Shelterwood harvest – the harvest of all mature trees in an area in a series of two or more cuts, leaving enough trees of other sizes to provide shade and protection for forest seedlings.

Silviculture – the art and science of growing forest trees.

Site – the combination of biotic, climatic, topographic, and soil conditions of an area.

Site index – a measure of the quality of a site based on the height of dominate trees at a specified age (usually 25 or 50 years), depending on the species.

Site preparation – treatment of an area prior to reestablishment of a forest stand. Site preparation can include mechanical clearing, burning, or chemical (herbicide) vegetation control.

Skidder – a rubber-tired machine with a cable winch or grapple used to drag logs out of the forest.

Skidding  the act of moving trees from the site of felling to a leading area or landing. Tractors, horses, or specialized logging equipment can be used for skidding. Skidding methods vary in their impact on soils and the remaining stands.

Slash – branches and other woody material left on a site after logging.

Small Business Economic Impact Statement (SBEIS) – An analysis of proposed agency rules required by the Regulatory Fairness Act to determine if there is a disparity in the impact on small businesses versus large businesses.

Snag – a dead tree that is still standing. Snags provide important food and cover for a wide variety of wildlife species.

Softwood Lumber – Wood from coniferous trees like pine, Douglas-fir or cedar. Conifer trees have needles or scale-like leave, bear cones and are usually evergreen.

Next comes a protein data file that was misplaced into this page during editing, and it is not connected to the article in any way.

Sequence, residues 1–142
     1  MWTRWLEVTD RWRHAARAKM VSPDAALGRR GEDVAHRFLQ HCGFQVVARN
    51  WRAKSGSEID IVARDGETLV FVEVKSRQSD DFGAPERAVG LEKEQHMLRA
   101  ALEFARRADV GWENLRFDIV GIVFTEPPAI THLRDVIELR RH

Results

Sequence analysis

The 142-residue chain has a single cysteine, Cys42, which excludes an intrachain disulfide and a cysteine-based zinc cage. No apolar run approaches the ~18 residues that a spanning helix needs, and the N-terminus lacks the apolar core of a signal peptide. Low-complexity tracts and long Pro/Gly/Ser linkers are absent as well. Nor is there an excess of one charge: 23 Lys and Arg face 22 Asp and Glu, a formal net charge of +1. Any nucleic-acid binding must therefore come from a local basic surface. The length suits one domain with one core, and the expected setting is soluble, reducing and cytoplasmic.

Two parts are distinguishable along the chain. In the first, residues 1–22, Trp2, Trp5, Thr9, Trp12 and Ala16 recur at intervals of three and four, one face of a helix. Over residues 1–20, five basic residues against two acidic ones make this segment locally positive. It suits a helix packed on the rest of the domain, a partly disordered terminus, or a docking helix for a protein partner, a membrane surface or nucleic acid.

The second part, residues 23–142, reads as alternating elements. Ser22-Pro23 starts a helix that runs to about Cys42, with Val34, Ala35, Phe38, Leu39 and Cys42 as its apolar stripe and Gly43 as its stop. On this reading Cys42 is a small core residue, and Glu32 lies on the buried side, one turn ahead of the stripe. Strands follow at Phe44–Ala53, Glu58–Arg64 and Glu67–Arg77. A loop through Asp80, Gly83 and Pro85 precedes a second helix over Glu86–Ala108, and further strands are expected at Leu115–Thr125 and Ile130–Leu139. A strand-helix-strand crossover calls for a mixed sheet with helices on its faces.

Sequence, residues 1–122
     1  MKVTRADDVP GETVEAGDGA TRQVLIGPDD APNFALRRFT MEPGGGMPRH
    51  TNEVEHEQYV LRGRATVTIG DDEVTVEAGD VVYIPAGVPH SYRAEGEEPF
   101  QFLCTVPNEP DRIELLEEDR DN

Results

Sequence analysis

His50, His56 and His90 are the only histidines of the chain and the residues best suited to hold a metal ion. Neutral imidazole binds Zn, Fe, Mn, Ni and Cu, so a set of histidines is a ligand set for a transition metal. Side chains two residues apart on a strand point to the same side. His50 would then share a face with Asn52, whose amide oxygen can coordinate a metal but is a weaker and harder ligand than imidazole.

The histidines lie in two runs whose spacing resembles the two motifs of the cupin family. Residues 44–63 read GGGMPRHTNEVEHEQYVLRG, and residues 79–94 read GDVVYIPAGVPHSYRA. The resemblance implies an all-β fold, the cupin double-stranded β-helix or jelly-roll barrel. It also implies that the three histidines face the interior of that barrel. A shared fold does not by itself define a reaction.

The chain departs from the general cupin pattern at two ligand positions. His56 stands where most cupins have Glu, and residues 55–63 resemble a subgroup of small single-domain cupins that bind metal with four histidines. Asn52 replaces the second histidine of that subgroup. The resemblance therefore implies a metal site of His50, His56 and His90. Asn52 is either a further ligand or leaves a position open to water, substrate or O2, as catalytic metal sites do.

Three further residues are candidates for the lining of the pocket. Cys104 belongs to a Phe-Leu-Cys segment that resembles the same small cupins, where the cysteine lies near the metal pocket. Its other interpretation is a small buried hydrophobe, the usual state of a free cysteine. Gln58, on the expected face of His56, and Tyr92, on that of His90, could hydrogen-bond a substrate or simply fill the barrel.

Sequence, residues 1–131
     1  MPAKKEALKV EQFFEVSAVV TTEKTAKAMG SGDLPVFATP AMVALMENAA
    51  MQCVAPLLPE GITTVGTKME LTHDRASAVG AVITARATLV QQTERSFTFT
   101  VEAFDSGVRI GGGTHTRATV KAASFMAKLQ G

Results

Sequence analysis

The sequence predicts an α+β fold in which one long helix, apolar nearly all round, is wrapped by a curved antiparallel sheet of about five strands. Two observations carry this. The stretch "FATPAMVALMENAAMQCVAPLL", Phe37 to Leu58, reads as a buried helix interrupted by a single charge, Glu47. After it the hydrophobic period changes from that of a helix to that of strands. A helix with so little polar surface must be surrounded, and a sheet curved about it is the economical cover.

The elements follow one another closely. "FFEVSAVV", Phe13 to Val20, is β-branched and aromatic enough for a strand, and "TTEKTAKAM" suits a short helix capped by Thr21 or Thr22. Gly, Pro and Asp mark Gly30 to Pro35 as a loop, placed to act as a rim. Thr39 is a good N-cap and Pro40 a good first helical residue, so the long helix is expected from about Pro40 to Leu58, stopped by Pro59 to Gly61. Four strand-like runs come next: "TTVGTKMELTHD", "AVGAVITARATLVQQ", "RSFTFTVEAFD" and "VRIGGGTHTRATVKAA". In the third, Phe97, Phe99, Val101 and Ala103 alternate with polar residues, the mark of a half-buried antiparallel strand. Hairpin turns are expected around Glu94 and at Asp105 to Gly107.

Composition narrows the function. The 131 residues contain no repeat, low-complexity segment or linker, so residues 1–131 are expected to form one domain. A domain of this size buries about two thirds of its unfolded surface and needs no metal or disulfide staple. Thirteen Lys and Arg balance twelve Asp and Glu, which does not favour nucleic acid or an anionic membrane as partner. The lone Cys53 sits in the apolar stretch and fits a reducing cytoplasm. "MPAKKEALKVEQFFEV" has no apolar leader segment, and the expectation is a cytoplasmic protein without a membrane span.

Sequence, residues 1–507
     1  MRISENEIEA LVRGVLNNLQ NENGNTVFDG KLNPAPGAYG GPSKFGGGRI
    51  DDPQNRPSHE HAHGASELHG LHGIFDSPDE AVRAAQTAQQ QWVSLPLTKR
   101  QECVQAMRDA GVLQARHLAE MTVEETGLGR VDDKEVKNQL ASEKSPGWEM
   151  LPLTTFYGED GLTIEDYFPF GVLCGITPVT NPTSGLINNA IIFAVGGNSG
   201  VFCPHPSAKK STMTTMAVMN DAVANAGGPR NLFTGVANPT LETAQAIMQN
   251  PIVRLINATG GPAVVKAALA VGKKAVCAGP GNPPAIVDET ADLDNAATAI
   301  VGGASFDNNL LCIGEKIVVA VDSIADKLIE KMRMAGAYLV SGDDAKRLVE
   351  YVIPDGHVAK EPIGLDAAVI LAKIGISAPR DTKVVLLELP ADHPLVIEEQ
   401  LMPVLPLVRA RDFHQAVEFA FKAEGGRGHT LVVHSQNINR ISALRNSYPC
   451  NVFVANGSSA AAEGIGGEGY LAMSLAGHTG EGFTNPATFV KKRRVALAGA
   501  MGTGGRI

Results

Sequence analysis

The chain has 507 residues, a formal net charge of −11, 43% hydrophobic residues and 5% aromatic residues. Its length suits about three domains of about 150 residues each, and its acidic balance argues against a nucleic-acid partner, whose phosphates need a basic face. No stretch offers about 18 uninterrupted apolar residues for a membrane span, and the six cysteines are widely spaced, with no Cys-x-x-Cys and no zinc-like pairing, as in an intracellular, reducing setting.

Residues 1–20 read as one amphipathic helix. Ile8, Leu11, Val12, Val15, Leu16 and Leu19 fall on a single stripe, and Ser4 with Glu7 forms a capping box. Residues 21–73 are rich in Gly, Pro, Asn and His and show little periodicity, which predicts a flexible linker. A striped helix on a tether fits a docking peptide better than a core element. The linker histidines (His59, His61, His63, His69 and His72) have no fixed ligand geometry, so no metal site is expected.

Stand – a group of forest trees of sufficiently uniform species composition, age, and condition to be considered a homogeneous unit for management purposes.

Stand density the quantity of trees per unit area, usually evaluated in terms of basal area, crown cover and stocking.

Stocking – the number and density of trees in a forest stand. Stands are often classified as understocked, well-stocked or overstocked.

Sustained Yield – Harvest practices which, over time, ensure the rate of forest harvest does not exceed the rate of forest growth.


Take – The Endangered Species Act prohibits “take” of any threatened or endangered species, which means to harass, harm, pursue, hunt, shoot, wound, kill, trap, capture, or collect an animal, or to attempt to engage in any such conduct.

Thinning – Tree removal in a forest stand that reduces tree density and tree-to-tree competition, encouraging increased growth of fewer, higher quality trees.

Threatened Species – A species that is designated by the government as likely to become an endangered species within the foreseeable future throughout all or a significant portion of its range.

Total Maximum Daily Loads (TMDLs) – A TMDL or Total Maximum Daily Load is a calculation of the maximum amount of a pollutant that a waterbody can receive and still meet water quality standards. A TMDL analysis usually results in an allocation of an amount of pollution that is allowed from each source so that the total does not exceed the water quality standard.

Tree farm  a privately owned forest managed on a multiple use basis with timber production as an important management goal.

Turbidity – Having sediment or foreign particles stirred up or suspended in water.